During the pandemic, I also decided to focus my efforts on implementing systems to facilitate environmental change at Jane Franklin Hall, my student residence. In 2020, I set up a 10-litre soft plastics collection bin which was upgraded due to popularity to two 60-litre bins in 2021. I also began tackling the food waste issue at Jane Franklin Hall. As a fully catered college, we generate at least 20 kg of food waste each day from kitchen scraps and unwanted food. Due to the pandemic, the college was not able to donate money to facilitate addressing this issue, thus I purchased a rotary compost bin myself and a worm farm to begin the process. I then set up a wastepaper collection bin for the carbon portion required for composting. Using an old 10-litre ice cream tub, I collected residents’ dinner scraps and took them to the bin each evening, even when it was dark and raining during the winter months. I negotiated with staff to upgrade this system to a FOGO bin in 2021 and secured funding for this to continue into the future indefinitely. I reached out to Will Plaister who coordinated the Recycling Walls at the University and organised for a recycling wall from him to be set up at the student residence to collect recyclable materials that cannot go in our co-mingle recycling (such as toothpaste tubes and pens).  My efforts towards these changes were recognised with the prestigious Jane Franklin Hall Service Award in 2020. At the end of 2020 and 2021, I hosted the Jane Clothes and Goods Swap to help residents dispose of their unwanted items in an environmentally friendly way instead of the provided skip bins.

In 2021, I wanted to build community among students and include others in environmental efforts, to do this I founded and chaired the Jane Waste and Sustainability (JaWS) Committee. Working together as the JaWS committee we were responsible for designing education campaigns to encourage and enable students to use the established waste facilities. We also developed a flier summarising the college’s new waste and environmental initiatives and we provided a flier to every new resident that arrived at the college in 2022, the flier will be given to each new incoming resident in the future. At the start of 2022, I helped place a “switch off” sticker on every single light and heater in the college to remind residents to lower their power usage. I have had to personally invest a great deal of time to make these changes happen, by taking the food scraps to the compost or FOGO bin, recycling the soft plastic at the supermarket, placing posters around the college and advertising the facilities, diving through the skip bins to save large bags of clothing from landfill and taking the clothing and furniture to the op shop.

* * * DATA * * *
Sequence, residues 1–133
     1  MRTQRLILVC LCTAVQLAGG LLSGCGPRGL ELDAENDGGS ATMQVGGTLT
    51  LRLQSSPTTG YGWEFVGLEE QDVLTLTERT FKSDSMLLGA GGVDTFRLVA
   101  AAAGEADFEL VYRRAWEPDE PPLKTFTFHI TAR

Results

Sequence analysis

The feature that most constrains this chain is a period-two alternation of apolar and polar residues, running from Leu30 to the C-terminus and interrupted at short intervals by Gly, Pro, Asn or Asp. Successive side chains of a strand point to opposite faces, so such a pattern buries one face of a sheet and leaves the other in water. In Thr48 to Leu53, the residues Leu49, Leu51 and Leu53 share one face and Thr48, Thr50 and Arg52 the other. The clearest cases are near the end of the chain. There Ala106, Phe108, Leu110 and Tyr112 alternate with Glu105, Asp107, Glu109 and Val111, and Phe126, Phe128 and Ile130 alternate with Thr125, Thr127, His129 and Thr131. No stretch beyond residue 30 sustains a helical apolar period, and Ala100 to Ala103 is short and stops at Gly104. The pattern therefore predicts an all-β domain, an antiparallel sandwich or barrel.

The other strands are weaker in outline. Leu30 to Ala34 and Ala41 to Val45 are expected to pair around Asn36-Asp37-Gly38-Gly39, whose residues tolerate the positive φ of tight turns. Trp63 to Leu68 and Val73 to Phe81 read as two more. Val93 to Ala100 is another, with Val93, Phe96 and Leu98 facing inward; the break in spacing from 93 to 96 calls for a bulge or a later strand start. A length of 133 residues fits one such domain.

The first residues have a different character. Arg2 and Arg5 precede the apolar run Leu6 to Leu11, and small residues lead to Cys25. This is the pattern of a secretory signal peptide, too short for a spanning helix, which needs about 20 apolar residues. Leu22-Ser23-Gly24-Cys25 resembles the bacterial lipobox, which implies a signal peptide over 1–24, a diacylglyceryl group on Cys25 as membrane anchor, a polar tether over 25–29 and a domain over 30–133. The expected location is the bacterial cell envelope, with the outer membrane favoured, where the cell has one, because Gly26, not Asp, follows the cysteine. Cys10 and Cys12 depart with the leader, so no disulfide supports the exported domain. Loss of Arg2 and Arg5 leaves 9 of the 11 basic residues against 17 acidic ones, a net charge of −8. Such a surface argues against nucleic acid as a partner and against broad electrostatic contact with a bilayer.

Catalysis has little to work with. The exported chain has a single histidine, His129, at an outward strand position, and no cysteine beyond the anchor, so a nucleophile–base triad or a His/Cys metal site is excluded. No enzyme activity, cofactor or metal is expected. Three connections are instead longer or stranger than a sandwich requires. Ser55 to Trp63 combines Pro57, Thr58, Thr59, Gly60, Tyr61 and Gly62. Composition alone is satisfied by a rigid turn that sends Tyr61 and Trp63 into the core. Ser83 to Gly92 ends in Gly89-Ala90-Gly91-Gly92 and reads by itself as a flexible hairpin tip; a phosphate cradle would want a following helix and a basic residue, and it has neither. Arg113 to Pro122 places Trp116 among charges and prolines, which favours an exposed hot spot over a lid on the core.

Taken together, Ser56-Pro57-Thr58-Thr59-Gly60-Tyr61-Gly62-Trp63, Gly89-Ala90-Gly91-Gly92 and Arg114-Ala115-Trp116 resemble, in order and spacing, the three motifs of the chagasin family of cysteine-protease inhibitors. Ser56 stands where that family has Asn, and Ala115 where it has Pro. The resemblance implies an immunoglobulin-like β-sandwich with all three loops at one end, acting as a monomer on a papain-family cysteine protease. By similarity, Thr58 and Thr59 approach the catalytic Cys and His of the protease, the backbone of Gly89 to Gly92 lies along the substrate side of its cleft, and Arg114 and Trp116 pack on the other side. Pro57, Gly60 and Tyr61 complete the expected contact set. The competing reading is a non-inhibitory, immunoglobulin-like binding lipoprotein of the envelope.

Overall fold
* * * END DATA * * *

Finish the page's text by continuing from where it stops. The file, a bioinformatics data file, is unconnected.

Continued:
Early in 2022, I began an internship with the Sustainability Integration Program for Students, developing a database for a zero-waste app. The app represents a culmination of all that the UTAS Zero Waste Society is, and would allow our impact to continue long after each of our executive members has graduated. The app would provide all users with information about how to reduce, reuse, recycle, compost or dispose of any household item. I have also created an educational video interviewing key members of the UTAS Sustainability team to answer the most frequently asked questions we as a society have received about waste and recycling.

>  Impact and benefits